Finbarr Barry Flood and Irina Koshoridze: Wrapping the Cross in Arabic: Islamic Textiles in Medieval Georgia
This lecture introduces a recently initiated collaborative project studying some medieval Islamic textiles preserved in the Democratic Republic of Georgia. The reception of luxury textiles from the medieval Islamic world in Christian contexts is a well-documented phenomenon. The medieval churches and church treasuries of Georgia are especially rich in relevant materials. These include both a rich array of spectacular Islamic silks now preserved in Georgian museum collections and wall-paintings depicting Georgian elites wearing modes of dress once associated with the Turkic dynasties that dominated the central Islamic lands during the eleventh and twelfth centuries. The proliferation of such modes of elite self-representation was a truly transregional phenomenon: during the same period, wall-paintings from western Tibet show local Buddhist elites wearing 'Turkic' robes of similar form.
In both regions, the robes worn by depicted elites bear arm-bands containing inscriptions or pseudo-inscriptions written in angular Kufic script. Such inscribed bands seem closely related to the epigraphic tiraz textiles well-known from the eastern Islamic world. Although inscribed Islamic textiles from medieval Georgia exist, until recently, apart from these paintings there was little material evidence for the presence of tiraz textiles. The recent discovery of an embroidered tiraz may shed new light on the social function of Islamic textiles in Christian contexts in Georgia. However, it also raises a series of new questions regarding the relationship between the wall-paintings, elite self-representations, Islamic textiles, and medieval Georgian sartorial practices.
This lecture is part of a lecture series organized by the international research project Networks: Textile Arts and Textility in a Transcultural Perspective (4th-17th Cent.).
Finbarr Barry Flood is William R. Kenan Jr. Professor of the Humanities at the Institute of Fine Arts and Department of Art History, New York University. Among his recent publications are an essay on the ingestion of images and words in the edited volume Sensational Religion (Yale, 2014), a discussion of Islamic figurative art in the International Journal of Middle East Studies (45/3, 2013), and a short essay on anthropomorphism (Art Bulletin 94/, March 2012). His books include The Great Mosque of Damascus: Studies on the Makings of an Umayyad Visual Culture (2000), Objects of Translation: Material Culture and Medieval "Hindu-Muslim" Encounter (2009), awarded the 2011 Ananda K. Coomaraswamy Prize of the Association for Asian Studies, and Globalizing Cultures: Art and Mobility in the Eighteenth Century (2011), co-edited with Nebahat Avcıoğlu. He is currently a fellow of the Wissenschaftskolleg zu Berlin, completing a book provisionally entitled Islam and Image: Polemics, Theology and Modernity.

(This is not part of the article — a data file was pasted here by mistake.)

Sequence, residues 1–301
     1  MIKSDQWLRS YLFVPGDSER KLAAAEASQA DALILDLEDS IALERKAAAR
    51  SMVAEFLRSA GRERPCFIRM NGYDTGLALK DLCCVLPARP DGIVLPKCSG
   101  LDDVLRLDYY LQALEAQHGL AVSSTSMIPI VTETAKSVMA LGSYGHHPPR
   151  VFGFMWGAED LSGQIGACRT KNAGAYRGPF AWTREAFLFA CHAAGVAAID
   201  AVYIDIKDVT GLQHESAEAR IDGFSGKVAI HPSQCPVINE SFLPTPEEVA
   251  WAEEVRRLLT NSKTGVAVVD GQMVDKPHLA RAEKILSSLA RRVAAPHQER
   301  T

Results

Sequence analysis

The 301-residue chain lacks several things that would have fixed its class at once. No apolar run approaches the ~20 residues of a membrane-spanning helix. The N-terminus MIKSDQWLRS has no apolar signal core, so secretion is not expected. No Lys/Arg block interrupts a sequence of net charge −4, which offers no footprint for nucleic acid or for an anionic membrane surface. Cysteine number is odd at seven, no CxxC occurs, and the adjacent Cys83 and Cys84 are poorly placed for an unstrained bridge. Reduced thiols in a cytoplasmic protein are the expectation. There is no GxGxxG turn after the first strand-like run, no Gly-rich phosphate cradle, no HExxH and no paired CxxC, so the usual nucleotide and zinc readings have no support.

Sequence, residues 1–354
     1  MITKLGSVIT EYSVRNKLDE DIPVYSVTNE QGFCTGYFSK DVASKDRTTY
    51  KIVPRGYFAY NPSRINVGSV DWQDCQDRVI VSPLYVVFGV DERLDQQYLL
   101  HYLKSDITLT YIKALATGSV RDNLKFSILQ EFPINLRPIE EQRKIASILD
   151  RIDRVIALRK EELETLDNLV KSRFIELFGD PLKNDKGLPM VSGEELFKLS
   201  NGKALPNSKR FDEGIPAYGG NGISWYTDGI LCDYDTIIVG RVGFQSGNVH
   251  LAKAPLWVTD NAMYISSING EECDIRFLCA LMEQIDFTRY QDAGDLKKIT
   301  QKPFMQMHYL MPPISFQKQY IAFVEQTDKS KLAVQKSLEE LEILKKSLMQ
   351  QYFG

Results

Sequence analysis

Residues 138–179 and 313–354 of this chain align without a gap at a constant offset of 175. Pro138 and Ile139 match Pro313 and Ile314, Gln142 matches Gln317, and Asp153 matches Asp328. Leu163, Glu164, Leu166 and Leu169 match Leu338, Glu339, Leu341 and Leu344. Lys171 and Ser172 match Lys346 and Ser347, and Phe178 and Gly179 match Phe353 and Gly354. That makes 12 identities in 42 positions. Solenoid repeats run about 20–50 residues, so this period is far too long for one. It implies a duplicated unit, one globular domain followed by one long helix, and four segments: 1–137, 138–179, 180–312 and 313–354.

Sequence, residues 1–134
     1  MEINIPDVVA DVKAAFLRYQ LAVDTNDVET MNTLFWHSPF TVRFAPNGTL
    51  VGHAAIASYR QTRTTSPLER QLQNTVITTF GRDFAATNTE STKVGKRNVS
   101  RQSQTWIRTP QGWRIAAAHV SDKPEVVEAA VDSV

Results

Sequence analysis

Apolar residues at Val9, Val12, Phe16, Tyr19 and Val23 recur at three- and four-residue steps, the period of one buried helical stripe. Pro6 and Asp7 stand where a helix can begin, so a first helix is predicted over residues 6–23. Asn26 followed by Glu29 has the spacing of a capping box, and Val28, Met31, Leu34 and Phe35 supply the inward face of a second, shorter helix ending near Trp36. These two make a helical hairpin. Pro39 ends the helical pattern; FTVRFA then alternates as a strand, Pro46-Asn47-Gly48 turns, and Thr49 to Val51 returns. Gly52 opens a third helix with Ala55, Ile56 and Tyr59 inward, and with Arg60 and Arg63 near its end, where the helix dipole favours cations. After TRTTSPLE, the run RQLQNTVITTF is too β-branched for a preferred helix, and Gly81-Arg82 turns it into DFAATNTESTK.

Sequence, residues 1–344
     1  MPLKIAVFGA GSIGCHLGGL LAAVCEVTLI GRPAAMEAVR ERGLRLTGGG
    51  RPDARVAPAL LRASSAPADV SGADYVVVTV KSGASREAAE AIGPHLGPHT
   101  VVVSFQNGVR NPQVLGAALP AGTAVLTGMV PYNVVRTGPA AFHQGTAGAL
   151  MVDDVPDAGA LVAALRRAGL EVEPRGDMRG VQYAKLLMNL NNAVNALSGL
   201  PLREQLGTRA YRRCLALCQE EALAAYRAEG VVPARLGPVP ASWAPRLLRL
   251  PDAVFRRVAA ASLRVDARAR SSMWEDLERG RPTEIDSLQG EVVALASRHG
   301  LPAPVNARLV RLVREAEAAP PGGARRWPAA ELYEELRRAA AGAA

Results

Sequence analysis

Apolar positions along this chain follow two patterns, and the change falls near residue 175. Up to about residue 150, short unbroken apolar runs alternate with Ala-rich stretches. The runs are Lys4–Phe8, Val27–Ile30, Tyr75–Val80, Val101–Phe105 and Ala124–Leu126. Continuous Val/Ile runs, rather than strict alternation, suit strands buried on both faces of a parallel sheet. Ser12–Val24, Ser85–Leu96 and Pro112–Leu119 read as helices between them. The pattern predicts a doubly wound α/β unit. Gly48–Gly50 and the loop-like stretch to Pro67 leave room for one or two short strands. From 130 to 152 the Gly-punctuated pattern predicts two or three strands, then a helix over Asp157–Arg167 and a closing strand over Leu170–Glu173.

Irina Koshoridze is associate professor of the Institute of Fine Arts, Department of Humanity Tbilisi State University and chief curator of the Oriental collections at the Georgian National Museum. In February 2014 she was appointed as the Director of the Georgian State Museum of Folk and Applied Arts. As vice-president of the Georgian Museum Association and board member of ICOM National Comity in Georgia she organized different local and international trainings for curators. Since 2006/07 she directs the museum study graduate program at Tbilisi State University. As curator of the Oriental art collections at the Georgian National Museum she works on various projects, her research and publication concentrate on Islamic art and the cultural connections between Georgia and neighboring countries (mostly Iran and Turkey) in the 17th to 19th centuries. Koshoridze was a fellow of the New York University department of Art History (2006-2009) and a senior fellow at RCAC Koç University with a project on The architectural complex Rabati in Akhaltsikhe (Georgia): An example of Ottoman-Georgian architecture in the peripheries of the Empire. Recent exhibition projects include: In the search of Beauty - Chinese collections in the Georgian National Museum (2010); Discovery of Japan (2012); New life of Oriental collections (October 2012-ongoing), Mushtaidi Palace decorations - Myth and reality (February-June 2015).
In cooperation with
May 19, 2016, 6:00pm
Museum für Islamische Kunst
Bodestraße, 10178 Berlin
(Besuchereingang über den Kolonnadenhof)